Full Data Backup: What Is It and Why Do You Need It?
A full data backup is a process of creating an exact copy of all the data files that you want to protect in a single backup operation. It is one of the most common and reliable methods of data protection, as it allows you to restore your data in case of any disaster, such as hardware failure, malware infection, accidental deletion, or natural disaster.
In this article, we will explain what a full data backup is, how it differs from other types of backups, and why it is important for your business.
What Is a Full Data Backup?
A full data backup, also known as a complete backup, creates an exact copy of an entire dataset. Since a full data backup refers to a defined dataset, it is a relative term. The dataset from which a backup is created can include:
- All data on a laptop
- All payrolls of one year
- All customer records in a database
- All files in a specific folder
A full data backup can be performed manually or automatically, depending on the backup software and the backup schedule. The backup software will keep track of what was backed up, when, where, and whether the process was successful or not.
A full data backup can be stored on various media, such as external hard drives, tapes, CDs, DVDs, cloud storage services, or network-attached storage (NAS) devices. The choice of the backup media depends on factors such as the size of the data, the cost of the media, the speed of the backup and restore operations, and the security and reliability of the media.
How Does a Full Data Backup Differ from Other Types of Backups?
A full data backup is one of four popular backup methods. The other three are:
- Differential backup: A differential backup copies only the data that has changed since the last full backup. It requires less time and space than a full backup, but more than an incremental backup. To restore data from a differential backup, you need the last full backup and the last differential backup.
- Incremental backup: An incremental backup copies only the data that has changed since the last backup, whether it was a full or an incremental backup. It requires the least time and space among all types of backups, but it also requires the most time to restore data. To restore data from an incremental backup, you need all the backups in the chain since the last full backup.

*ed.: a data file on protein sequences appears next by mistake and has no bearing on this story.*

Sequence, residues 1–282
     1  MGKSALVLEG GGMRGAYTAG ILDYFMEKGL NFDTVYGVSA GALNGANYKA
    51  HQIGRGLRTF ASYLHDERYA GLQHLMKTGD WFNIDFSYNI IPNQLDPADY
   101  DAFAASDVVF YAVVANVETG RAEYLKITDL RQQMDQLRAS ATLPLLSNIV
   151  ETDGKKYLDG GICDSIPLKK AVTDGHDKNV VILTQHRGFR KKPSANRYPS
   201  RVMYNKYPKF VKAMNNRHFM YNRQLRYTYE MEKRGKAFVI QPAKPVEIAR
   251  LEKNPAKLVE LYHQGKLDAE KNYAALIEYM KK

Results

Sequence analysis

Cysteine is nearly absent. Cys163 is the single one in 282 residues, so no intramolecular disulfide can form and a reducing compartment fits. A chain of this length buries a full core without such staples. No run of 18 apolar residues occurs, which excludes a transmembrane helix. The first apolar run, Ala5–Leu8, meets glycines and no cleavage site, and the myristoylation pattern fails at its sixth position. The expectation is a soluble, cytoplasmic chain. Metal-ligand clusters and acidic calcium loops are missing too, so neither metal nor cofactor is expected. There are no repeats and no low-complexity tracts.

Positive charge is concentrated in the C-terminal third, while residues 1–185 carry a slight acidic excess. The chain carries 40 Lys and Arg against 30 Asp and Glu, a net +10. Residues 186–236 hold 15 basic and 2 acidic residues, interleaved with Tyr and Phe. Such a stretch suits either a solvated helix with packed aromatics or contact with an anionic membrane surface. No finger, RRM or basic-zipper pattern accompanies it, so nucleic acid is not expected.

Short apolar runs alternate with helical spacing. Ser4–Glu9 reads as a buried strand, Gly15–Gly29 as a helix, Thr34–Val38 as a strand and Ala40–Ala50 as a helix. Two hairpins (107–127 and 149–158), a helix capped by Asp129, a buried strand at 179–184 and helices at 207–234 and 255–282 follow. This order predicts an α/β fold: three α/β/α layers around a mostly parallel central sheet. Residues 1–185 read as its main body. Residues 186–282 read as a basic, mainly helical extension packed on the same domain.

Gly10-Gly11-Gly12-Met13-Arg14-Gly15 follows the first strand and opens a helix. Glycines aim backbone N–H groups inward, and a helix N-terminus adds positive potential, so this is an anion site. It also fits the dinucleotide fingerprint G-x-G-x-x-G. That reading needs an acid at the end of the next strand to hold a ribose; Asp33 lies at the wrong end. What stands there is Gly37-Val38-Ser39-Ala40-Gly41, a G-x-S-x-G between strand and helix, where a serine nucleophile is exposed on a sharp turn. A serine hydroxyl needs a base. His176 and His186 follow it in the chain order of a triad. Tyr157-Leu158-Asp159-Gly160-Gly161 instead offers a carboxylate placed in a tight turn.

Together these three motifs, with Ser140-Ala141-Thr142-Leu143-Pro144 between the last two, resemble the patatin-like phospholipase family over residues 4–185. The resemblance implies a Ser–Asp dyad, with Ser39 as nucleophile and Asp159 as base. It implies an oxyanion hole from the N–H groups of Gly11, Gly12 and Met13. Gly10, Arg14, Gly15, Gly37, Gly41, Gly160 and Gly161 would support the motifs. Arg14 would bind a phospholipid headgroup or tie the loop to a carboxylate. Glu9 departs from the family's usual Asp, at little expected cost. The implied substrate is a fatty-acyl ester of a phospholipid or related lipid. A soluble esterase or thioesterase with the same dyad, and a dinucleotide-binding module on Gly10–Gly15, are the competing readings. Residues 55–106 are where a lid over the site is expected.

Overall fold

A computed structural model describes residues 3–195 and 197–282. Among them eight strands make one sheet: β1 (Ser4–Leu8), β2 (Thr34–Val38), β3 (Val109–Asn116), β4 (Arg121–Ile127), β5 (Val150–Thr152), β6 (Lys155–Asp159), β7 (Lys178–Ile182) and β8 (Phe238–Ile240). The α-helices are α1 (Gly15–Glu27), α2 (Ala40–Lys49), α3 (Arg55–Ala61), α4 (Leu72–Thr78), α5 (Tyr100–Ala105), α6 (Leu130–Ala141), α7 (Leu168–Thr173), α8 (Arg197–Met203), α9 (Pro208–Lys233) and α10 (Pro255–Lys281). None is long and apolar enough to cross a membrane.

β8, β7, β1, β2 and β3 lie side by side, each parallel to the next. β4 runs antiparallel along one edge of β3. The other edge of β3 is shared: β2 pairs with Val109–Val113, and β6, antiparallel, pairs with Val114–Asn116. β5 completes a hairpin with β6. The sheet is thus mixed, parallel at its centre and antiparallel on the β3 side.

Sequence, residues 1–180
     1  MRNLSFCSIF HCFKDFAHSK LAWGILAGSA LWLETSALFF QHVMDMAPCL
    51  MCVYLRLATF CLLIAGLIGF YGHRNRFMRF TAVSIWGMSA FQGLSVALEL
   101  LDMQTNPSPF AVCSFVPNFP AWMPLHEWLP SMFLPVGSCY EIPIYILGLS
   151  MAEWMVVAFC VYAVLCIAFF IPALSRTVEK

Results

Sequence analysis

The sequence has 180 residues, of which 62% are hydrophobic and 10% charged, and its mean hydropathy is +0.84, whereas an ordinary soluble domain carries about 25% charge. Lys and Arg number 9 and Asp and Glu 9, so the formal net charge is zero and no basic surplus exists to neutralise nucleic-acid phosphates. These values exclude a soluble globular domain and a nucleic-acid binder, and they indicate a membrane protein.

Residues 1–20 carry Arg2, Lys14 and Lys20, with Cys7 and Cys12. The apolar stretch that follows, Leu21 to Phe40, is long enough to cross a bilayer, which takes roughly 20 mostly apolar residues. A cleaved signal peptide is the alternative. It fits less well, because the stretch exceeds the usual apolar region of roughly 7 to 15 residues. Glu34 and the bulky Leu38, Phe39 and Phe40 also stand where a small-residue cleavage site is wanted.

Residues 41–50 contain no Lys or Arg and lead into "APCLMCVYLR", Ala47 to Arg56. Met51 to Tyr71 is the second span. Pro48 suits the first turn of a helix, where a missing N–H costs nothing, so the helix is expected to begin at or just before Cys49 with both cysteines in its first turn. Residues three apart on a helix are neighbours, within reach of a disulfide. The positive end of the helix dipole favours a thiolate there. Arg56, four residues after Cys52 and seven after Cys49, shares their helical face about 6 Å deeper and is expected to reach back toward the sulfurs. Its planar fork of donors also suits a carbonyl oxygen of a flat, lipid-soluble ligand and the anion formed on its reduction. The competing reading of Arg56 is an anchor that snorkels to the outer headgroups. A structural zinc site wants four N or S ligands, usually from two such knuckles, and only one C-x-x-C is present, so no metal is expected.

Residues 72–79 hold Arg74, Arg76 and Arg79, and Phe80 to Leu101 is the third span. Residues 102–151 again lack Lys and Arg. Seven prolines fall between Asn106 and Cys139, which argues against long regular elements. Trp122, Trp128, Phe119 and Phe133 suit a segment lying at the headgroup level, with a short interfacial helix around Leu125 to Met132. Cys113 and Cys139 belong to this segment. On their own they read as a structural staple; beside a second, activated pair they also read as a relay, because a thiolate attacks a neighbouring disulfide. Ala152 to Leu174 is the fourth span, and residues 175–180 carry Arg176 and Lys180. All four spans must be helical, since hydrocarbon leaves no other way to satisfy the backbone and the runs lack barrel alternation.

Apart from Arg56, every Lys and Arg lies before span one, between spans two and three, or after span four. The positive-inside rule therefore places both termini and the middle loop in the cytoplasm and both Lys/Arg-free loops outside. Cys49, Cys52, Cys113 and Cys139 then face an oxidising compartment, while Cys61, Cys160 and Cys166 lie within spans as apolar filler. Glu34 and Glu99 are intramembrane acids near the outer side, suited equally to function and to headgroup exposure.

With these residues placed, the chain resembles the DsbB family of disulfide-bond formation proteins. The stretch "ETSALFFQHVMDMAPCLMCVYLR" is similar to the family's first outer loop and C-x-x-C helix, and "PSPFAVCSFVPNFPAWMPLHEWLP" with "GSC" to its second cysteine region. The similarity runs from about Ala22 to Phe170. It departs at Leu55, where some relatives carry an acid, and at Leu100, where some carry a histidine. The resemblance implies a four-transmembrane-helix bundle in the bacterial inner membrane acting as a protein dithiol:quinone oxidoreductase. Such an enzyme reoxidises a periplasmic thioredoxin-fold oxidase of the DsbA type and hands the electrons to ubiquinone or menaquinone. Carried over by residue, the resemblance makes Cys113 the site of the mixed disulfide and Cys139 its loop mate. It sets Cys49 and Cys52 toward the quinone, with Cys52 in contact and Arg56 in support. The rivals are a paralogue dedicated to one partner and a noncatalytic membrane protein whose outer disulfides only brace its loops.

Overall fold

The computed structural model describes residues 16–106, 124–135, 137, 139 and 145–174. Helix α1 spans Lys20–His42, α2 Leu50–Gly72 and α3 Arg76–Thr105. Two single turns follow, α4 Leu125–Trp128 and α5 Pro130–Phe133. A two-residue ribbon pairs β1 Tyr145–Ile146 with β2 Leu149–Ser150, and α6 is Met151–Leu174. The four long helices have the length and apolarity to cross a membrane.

- Disk mirroring: Disk mirroring is not a backup method per se, but rather a technique of creating an exact copy of a disk or a partition on another disk or partition in real time. It provides high availability and fault tolerance, but it does not protect against data corruption or human errors.
The following table summarizes the main differences between these types of backups:
|Type of Backup||Time Required for Backup||Space Required for Backup||Time Required for Restore||Number of Backups Required for Restore|
|Differential||Shorter than full||Larger than incremental||Shorter than incremental||Two (last full and last differential)|
|Incremental||Shortest||Smallest||Longest||All (last full and all incrementals)|
|Disk mirroring||N/A (real time)||Same as original disk||N/A (instant switch)||N/A (no restore needed)|
Why Is a Full Data Backup Important?
A full data backup is important for several reasons:
- It provides a complete and consistent snapshot of your data at a given point in time.